Flounder & Sole

Arrowtooth flounder--Atheresthes stomias; Dover sole (West Coast)--Microstomus pacificus; English sole--Parophrys vetulus; Petrale sole--Eopsetta jordani; Rex sole--Glyptocephalus zachirus; Starry flounder--Platichthys stellatus

Market Name(s): Sole, flounder, turbot (Arrowtooth)

Contact Purchasing
Flounder & Sole
  • Primary Source: Alaska, West Coast, British Columbia, China
  • Season: Dover, English and Rex sole: Year-round; Petrale sole: Year round, but heaviest Jan - Feb.
  • Primary Fishing Method: Trawl

Size Range:

Max Size: 20 lbs

Avg. Size: Less than 2 lbs 

Product forms:

FRESH: whole, skinless, boneless fillets

FROZEN: whole, H&G, skinless, boneless fillets, pan-ready.

Storage & Handling

Well-iced, fresh will last up to 10 days. Well-glazed, frozen flatfish can last up to a year stored at -5 to -15°F.

Cooking Suggestions

Like cod, flounder is a mild-flavored, lean white fish. It is easily overpowered by strong flavors in recipes. For this reason, it is excellent with delicate sauces such as a lemon-dill mixture or a butter-based meuniere. Try flounder baked, poached, steamed or fried. Since the fish does not have a high oil content, it is important to cook it very quickly to avoid drying it out.

Selling Points

  • Very popular with almost all American consumers.
  • Different varieties of flatfish offer ability to merchandise creatively.
  • Growing market for whole fish in Chinese markets.
  • Wide variety of prices can fit most market needs.
  • Small fillets are an excellent value as they cost less and provide excellent plate coverage.


  • Jellying in deepwater Dover sole.
  • Yellow or gray color fillets indicates old age.
  • Bones in boneless fillets.

The Pacific Advantage

  • Ownership of processing plants from Washington to California ensures maximum availability of highest quality fresh and frozen flatfish to our customers.
  • High sales volume assures customers of competitive pricing.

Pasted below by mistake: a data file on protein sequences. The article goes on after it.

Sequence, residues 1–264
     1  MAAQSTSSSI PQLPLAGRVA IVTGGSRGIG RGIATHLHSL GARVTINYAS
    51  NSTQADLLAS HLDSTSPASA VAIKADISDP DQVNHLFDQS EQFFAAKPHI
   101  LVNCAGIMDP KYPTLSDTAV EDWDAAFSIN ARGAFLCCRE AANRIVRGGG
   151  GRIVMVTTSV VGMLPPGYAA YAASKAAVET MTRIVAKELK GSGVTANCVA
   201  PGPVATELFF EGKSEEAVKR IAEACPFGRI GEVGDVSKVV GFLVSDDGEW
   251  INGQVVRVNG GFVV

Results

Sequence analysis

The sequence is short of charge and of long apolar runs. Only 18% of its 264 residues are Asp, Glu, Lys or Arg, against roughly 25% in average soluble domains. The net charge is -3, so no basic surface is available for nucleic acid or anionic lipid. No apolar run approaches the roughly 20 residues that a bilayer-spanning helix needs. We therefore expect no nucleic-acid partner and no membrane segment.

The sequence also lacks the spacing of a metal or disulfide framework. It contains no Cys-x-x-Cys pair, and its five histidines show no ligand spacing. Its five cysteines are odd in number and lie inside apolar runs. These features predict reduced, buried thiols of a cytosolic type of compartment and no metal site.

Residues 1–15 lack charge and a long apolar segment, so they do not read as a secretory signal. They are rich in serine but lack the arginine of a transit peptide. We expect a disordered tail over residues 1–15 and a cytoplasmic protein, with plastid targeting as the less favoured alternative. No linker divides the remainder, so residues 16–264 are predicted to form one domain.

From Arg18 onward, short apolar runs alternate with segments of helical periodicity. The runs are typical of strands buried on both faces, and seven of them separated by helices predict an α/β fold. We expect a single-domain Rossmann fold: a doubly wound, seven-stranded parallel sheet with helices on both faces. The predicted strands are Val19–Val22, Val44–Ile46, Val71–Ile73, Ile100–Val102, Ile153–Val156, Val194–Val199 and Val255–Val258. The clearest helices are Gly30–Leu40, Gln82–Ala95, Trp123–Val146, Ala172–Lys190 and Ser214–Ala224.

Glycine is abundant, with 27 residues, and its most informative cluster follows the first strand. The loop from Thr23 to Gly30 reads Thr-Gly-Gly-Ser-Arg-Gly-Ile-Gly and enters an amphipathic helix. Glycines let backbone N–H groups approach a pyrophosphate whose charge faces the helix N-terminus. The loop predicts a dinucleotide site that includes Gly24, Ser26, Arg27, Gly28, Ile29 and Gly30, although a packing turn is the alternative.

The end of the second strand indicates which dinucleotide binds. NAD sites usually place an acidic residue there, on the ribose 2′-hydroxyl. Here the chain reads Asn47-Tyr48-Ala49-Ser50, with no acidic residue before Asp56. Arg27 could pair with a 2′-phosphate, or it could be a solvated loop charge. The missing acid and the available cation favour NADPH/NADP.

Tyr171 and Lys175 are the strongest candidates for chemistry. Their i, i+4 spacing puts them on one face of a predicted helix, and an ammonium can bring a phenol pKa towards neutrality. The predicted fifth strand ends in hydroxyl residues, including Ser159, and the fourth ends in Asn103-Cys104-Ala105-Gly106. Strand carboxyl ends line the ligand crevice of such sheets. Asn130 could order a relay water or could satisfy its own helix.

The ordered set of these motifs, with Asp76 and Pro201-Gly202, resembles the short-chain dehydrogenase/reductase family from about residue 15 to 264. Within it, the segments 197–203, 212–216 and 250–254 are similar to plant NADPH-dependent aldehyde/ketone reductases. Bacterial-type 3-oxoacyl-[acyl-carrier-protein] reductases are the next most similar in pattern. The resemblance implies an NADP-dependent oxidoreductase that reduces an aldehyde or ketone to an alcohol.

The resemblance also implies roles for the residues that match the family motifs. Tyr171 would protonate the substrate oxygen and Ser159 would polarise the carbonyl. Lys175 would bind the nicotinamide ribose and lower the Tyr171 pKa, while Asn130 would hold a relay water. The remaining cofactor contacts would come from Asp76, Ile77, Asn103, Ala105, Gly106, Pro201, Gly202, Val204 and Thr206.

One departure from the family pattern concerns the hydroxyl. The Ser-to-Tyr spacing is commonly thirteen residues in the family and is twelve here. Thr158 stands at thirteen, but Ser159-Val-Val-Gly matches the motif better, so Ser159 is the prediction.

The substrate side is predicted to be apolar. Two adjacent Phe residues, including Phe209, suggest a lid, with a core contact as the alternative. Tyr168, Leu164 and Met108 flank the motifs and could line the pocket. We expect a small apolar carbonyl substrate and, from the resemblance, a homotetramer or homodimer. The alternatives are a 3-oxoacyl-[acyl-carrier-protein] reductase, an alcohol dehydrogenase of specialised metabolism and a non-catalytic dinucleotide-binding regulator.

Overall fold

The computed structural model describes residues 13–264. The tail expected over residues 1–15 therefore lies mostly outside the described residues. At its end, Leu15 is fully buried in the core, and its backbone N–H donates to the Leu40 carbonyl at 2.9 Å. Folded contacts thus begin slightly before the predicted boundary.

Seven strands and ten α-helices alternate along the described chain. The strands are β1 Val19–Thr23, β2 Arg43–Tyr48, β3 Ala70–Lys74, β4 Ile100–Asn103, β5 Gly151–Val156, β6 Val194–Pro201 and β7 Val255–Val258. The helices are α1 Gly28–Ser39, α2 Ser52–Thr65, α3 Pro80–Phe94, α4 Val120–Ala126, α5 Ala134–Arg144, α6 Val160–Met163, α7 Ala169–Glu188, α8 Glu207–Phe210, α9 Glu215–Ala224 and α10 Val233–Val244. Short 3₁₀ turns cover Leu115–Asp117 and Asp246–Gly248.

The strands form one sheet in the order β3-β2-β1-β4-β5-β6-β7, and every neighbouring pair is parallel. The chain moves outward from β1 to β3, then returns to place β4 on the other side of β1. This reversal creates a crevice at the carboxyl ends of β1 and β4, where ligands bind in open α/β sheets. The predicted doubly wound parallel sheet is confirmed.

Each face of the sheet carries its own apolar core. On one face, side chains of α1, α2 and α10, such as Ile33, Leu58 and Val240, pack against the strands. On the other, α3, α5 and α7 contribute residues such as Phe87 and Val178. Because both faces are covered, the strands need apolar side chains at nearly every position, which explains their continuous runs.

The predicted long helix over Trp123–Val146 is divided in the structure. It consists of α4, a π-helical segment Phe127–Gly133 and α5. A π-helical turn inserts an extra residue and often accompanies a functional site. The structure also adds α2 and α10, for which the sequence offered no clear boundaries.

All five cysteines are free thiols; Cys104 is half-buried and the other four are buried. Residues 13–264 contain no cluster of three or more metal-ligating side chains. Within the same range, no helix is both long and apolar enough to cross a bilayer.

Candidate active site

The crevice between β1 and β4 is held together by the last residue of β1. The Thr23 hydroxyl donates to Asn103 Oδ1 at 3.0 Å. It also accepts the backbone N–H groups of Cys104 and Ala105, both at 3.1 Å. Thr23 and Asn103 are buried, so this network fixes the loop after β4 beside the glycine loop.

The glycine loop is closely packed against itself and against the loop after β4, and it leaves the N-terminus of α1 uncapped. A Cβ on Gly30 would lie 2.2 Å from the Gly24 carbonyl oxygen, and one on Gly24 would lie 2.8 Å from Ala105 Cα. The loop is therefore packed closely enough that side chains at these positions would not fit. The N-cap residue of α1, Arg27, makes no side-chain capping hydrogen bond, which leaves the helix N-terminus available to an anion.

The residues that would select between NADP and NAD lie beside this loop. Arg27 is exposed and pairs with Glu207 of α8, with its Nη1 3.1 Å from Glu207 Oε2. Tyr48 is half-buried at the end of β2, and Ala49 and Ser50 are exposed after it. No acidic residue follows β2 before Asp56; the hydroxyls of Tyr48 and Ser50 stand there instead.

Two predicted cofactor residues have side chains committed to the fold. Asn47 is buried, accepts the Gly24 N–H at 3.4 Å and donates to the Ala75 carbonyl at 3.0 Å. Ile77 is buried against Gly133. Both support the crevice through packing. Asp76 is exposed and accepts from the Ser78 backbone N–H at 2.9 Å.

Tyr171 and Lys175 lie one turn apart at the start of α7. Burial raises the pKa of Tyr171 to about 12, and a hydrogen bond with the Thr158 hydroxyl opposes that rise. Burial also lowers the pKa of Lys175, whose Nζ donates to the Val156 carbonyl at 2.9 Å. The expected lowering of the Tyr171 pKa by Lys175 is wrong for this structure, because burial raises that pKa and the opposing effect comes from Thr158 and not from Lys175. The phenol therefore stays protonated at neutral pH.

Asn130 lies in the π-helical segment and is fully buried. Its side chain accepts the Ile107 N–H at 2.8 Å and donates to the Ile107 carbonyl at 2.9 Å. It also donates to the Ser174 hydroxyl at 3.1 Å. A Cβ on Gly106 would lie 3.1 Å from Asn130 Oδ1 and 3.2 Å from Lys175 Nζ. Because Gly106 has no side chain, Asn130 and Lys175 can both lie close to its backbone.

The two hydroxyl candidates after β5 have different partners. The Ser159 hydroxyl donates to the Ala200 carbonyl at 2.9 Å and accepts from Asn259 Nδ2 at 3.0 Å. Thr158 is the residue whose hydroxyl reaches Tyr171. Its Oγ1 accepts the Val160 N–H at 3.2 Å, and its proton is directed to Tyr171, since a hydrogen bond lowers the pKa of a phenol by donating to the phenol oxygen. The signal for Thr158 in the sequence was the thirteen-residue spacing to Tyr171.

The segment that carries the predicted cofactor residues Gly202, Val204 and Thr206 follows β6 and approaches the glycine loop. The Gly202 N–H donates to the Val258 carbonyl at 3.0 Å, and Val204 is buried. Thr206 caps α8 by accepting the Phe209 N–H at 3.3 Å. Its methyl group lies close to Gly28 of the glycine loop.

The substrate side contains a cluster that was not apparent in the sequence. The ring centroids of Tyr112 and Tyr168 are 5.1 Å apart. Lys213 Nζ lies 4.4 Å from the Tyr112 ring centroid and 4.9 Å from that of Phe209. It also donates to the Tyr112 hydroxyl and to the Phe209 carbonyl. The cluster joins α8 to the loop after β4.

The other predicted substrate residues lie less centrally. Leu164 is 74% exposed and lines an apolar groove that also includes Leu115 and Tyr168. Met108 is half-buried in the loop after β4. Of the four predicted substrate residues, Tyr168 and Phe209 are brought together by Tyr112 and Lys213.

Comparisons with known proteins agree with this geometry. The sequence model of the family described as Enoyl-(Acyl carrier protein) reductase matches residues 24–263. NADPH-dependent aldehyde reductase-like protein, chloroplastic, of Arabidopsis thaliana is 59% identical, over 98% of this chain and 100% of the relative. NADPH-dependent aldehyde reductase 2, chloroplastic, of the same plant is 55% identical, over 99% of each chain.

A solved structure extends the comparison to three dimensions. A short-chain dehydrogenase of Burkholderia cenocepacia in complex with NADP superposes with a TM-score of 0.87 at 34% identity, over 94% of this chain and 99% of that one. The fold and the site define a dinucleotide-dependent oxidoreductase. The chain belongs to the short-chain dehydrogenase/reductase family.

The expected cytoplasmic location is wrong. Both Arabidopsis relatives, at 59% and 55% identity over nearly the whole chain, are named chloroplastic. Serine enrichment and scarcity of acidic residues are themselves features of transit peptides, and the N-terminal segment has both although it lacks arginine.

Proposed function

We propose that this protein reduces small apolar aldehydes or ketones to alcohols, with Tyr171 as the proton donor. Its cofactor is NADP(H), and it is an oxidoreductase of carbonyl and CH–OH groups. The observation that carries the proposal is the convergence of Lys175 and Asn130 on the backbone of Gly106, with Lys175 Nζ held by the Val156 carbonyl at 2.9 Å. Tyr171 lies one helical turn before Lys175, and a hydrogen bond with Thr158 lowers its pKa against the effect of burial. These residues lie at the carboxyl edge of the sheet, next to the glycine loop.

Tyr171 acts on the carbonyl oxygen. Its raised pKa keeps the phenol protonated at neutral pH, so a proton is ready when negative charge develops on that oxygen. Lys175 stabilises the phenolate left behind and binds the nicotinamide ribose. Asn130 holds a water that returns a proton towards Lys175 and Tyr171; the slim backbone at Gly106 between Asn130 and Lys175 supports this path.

• Excellent source of fresh Alaska flatfish, which we buy directly from producers.
  • Highly developed inter company transportation system along entire West Coast allows product to be moved quickly through distribution, extending product shelf life.
  • Good working relationship with large fleet of boats ensures highest quality product and consistent product availability even during poor weather conditions.


Right-eyed or left-eyed? Flounder or sole? Which halibut is really a flounder? And just what is a sanddab? When it comes to terminology, the huge family of flatfish is more than a little confusing. In the U.S., commercial fishermen catch more than a dozen different flatfish species, some are called flounder, some are called sole, some are called both. But there is one thing most of these fish have in common: sweet, delicate white flesh that chefs and consumers everywhere enjoy. All flatfish belong to the order Pleuronectiformes, which means they have both of their eyes on the same side of their head.

All flatfish start out life looking like normal fish, but after a few weeks, one eye migrates to the other side of their head, their bodies flatten, one side turns dark and one side white and they settle to the bottom. The meat from a flatfish typically varies in color: fillets from the bottom (white) side of the fish will be thinner and whiter, while fillets from the top (dark) side will be thicker and more gray. Even though many of them are called soles, all the flatfish fished commercially in the U.S. are really flounders. There are two flounder families: the right-eyed Pleuronectidae family and the left-eyed Bothidae family. More than a million tons of flounders are landed throughout the world each year.

True soles belong to the Soleidae family. The highest value sole, the true Dover sole, Solea solea, is fished in the eastern North Atlantic off Europe. Small quantities of true Dover are exported to white tablecloth restaurants in the U.S., primarily on the East Coast.